She sensitive about gaining weight, especially at age 40. She spends inordinate amounts of time having servants comb and braid her hair. She's a loving mother and a somewhat indifferent wife. She's widely known as a major figure in 19th Century Europe.
She's Elisabeth of Austria or, more precisely, a fictionalized version of an empress who once created international buzz.
Vicky Krieps plays Elisabeth in Corsage, a movie in which director Marie Kreutzer defies period-piece conventions. Kreutzer purposefully loads her movie with anachronisms, suggesting that any contemporary relevancies in Elisabeth’s story should not be ignored.
To cite two examples: At different points, you'll hear renditions of Help Me Make It Through the Night and As Tears Go By, not exactly 19th-century tunes.
Not everything about Kreutzer's approach works, but at her best, Kreutzer disarms, turning Elisabeth (known as Sisi in her day) into a woman defined by a role that she's increasingly reluctant to play.
As for the title, Corsage refers to the corsets that Elisabeth wears, instructing her handmaids to pull them so tight, they seem like instruments of torture. Metaphoric leaps encouraged.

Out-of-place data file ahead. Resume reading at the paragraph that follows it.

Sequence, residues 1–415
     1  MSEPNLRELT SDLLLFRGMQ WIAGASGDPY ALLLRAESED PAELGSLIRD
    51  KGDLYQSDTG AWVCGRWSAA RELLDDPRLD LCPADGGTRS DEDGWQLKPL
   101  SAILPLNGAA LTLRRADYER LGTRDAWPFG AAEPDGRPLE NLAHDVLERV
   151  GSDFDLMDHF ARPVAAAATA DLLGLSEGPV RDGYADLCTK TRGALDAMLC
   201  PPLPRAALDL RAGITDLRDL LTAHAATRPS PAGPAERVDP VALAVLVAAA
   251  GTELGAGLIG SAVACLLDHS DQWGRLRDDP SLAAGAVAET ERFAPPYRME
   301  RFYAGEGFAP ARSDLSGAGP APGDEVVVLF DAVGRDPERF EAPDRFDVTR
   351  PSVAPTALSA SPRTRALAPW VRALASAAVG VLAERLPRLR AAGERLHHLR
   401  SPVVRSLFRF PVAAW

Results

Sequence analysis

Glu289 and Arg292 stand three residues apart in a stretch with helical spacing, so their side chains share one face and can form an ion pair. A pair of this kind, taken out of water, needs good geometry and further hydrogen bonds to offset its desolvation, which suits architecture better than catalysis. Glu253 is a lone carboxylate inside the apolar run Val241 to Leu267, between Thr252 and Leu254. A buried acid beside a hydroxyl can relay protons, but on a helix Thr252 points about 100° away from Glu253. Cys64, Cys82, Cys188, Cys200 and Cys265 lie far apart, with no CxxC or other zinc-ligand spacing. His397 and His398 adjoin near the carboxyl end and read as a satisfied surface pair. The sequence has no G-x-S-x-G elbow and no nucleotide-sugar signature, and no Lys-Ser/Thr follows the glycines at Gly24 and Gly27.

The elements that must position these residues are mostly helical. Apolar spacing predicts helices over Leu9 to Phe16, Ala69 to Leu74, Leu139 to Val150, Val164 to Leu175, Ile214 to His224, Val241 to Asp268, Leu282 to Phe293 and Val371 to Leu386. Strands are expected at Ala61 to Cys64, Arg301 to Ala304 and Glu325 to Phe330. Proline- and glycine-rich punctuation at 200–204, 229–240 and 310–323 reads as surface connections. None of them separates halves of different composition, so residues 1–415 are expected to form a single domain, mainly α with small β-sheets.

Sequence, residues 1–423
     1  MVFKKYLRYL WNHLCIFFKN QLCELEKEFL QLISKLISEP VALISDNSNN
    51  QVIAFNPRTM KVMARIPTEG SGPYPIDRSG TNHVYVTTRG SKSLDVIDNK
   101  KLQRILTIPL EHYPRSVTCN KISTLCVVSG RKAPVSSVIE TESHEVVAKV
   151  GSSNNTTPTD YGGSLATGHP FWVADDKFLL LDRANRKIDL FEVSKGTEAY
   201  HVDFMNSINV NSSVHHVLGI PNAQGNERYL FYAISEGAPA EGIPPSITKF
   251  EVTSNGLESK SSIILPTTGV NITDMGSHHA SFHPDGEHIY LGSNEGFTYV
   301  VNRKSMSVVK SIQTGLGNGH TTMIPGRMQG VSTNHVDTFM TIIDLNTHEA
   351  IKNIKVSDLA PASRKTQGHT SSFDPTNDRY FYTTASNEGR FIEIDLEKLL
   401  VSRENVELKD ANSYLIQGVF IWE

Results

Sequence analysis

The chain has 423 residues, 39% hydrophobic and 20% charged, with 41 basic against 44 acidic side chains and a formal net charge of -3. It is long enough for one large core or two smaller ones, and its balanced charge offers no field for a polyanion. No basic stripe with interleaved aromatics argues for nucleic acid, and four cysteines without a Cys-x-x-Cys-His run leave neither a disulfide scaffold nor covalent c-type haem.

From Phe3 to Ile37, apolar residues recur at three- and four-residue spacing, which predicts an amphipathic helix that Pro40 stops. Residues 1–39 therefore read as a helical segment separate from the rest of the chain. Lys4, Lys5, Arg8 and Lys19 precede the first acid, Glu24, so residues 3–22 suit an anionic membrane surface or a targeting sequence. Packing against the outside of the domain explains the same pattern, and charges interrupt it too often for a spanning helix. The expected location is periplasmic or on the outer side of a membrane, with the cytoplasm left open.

Elisabeth cared about her waistline. She obsessed about it. For much of the movie, she seems so averse to eating that her behavior probably qualifies as an eating disorder.
The men in Elisabeth's life don't do much for her. Florian Teichtmeister plays Emperor Franz Joseph; he doesn't care if his wife's amorous attentions wander so long as she fulfills her public duties as a regal representative of the empire.
Elisabeth has freer relations with Louis Le Prince (Finnegan Oldfield), a visitor who introduces her to his invention, an early motion picture camera. She's attracted to a man who tends to horses (Colin Morgan) at one of her estates. But these relations don’t do anything to topple the rigid structure under which Elisabeth lives.
Although interestingly appointed and visually deft, Corsage belongs to Krieps, who creates a complex woman: petulant, rebellious, narcissistic, and keenly aware that she's losing the beauty for which she was widely admired.
Elisabeth also possesses a rueful understanding that nothing she says or thinks will impact her husband's decisions. She's meant to be the living equivalent of an official portrait.
Pay attention to the movie's third act, which sets up a tricky finale. Those familiar with Elisabeth's story will know that Kreutzer has taken many liberties, particularly with the movie's conclusion.
Krieps performance intrigues, as does this adventurous take on how to present an historical figure. Kreutzer and Krieps opt for humor, purposeful distortion of time and place, and, ultimately I think, respect for both the contradictions and resolve that marked Elisabeth's personality.